The Temple News: Your art has matured throughout the years into projects that bring about interaction, not just reaction, with the audience. How have you been viewing art as a whole, and how are you trying to incorporate your views into your work?
Nicole Wilson: I’m very interested now in how we relate to each other on a basic level. For instance, how do you and I interact, and how does that communication grow into something larger than a conversation? I interpret art-making to be a dialogue of sorts between the artist and the viewer. It really becomes more than this, though, because the artist brings what they have created to the table, and the viewer brings their opinions and experiences.
TTN: You successfully mutated a regular dandelion into a pink one in your “Pink Dandelion Project,” helped start an art war among Philadelphia’s prominent art schools and sent found change to President Obama in an effort to offset the nation’s deficit. What message are you trying to send to the public via the aforementioned?
NW: I’m trying to converse about a lot of things. My identity, I mean how I view myself and how I believe others perceive me, has been essential to what I have made. I aim to talk a lot about this, as well as the contradictions and absurdities that exist within our everyday life. For instance, with the “Pink Dandelion Project,” I was addressing the idea of beauty rather than an example of something beautiful.
TTN: An online video has surfaced of an elephant painting a self-portrait. Do you think humans will eventually be overpowered by a new breed of elephant artists?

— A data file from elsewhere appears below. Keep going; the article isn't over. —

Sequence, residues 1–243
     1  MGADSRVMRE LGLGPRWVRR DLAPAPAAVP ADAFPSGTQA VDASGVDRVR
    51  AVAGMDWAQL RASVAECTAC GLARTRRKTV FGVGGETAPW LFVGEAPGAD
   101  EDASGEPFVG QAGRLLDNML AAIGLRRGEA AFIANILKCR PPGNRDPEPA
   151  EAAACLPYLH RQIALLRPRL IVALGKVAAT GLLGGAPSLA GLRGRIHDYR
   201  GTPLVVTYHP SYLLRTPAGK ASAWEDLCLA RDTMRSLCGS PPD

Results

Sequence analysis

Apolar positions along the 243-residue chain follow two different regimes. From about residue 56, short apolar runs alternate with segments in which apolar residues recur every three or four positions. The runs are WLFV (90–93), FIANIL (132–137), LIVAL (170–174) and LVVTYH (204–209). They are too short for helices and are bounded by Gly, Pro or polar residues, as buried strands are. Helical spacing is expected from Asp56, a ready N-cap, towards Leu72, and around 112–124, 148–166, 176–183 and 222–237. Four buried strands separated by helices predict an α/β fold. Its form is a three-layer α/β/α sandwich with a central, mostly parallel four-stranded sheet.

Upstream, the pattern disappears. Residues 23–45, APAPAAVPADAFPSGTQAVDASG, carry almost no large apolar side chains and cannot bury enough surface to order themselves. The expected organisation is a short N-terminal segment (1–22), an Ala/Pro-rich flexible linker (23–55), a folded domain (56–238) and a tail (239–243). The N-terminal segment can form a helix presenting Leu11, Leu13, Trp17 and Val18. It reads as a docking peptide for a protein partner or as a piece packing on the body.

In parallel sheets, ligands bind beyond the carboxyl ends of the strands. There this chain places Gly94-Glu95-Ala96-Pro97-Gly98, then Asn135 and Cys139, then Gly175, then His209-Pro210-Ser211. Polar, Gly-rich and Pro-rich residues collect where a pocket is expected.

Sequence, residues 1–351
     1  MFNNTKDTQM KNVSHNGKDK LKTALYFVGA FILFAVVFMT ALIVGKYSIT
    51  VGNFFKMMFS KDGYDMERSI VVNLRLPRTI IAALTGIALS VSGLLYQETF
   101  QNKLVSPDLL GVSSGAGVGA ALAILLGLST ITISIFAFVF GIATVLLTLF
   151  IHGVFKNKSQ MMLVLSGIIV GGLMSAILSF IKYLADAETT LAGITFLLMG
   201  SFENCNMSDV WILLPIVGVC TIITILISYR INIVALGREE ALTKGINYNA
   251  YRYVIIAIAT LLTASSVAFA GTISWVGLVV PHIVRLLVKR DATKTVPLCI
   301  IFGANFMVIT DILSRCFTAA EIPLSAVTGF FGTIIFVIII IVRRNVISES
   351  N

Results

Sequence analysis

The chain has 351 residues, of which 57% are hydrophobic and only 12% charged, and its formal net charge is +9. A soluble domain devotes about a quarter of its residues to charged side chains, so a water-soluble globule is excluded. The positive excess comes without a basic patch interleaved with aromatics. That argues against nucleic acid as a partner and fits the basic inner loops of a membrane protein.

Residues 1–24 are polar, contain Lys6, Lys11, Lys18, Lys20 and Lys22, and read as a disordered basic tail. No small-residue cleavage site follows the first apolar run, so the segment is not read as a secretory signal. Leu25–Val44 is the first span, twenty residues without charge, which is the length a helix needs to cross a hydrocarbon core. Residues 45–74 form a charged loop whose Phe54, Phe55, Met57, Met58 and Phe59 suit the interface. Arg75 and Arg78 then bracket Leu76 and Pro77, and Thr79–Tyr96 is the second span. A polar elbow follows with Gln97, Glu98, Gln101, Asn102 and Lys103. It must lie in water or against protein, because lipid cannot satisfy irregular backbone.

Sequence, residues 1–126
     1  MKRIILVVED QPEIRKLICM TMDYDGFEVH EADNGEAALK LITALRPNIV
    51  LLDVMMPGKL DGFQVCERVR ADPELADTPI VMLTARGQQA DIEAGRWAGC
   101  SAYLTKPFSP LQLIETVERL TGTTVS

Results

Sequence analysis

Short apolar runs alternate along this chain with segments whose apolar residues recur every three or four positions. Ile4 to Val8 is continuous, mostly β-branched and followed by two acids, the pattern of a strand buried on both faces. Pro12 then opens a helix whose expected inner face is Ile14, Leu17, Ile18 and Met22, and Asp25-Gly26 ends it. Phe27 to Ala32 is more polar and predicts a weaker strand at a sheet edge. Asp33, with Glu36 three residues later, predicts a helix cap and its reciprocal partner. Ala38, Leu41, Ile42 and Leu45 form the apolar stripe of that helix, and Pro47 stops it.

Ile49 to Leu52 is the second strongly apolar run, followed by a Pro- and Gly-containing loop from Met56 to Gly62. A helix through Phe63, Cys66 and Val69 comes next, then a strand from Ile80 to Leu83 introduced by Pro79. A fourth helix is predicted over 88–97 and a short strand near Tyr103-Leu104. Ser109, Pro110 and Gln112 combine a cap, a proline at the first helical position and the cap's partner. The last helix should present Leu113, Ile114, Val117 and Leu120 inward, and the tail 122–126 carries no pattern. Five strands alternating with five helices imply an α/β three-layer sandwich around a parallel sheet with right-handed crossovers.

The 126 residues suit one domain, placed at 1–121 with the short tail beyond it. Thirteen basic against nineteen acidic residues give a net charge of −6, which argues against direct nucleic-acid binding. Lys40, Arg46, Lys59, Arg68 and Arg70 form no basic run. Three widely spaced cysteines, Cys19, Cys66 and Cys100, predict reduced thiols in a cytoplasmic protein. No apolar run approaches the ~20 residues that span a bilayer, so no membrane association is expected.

NW: Most definitely not. Although I’m sure the elephant was entertaining to watch, I believe in intention. Parents always say that their child could make a Jackson Pollock painting. And I’m sure that their child could fling paint onto a canvas, but he or she would have never thought to fling paint onto a canvas unless they were told to do so. An elephant could have made a self-portrait, but only because a human told him to do so. Furthermore, self-portraits mean nothing to elephants because an elephant would never need a self-portrait. A self-portrait is a human idea, and I really don’t think talented “artist elephants” care enough about what they are making to overpower us.
TTN: With the creation of the Internet and digital storage, do you think the values of an artist’s original works are diminishing? Since so many younger artists are flocking toward digitally created art, it’s impossible to have a single final piece, thus leaving less art collectors to boast about their originals. Do you view this as a positive or negative development for the art community?
NW: Absolutely not. If you’re talking about paintings, I believe that there is a real magic in paintings that can’t be translated through images. The same is true about sculpture, especially because so much sculpture is site specific. If you’re talking about art like video art, [which] can easily be put online, collectors are still buying it and still boasting about it. If anything, I think the world we are living in now is opening up more possibilities for artists and as a result, more possibilities for viewers, as well.
TTN: In closing, can you let us in on what your plans are for the near future and any outlets where we can keep up on your progress?
NW: Well, I’ll be having my B.F.A. show in the coming months and for now I’m going to continue to make art. I will also be continuing to send my found change in to fund the National Debt. All those letters are online at [https://nationaldebtproject.blogspot.com], and my work can be found on my Web site, which is nicolewilson.com.
Gian Hunjan can be reached at firstname.lastname@example.org.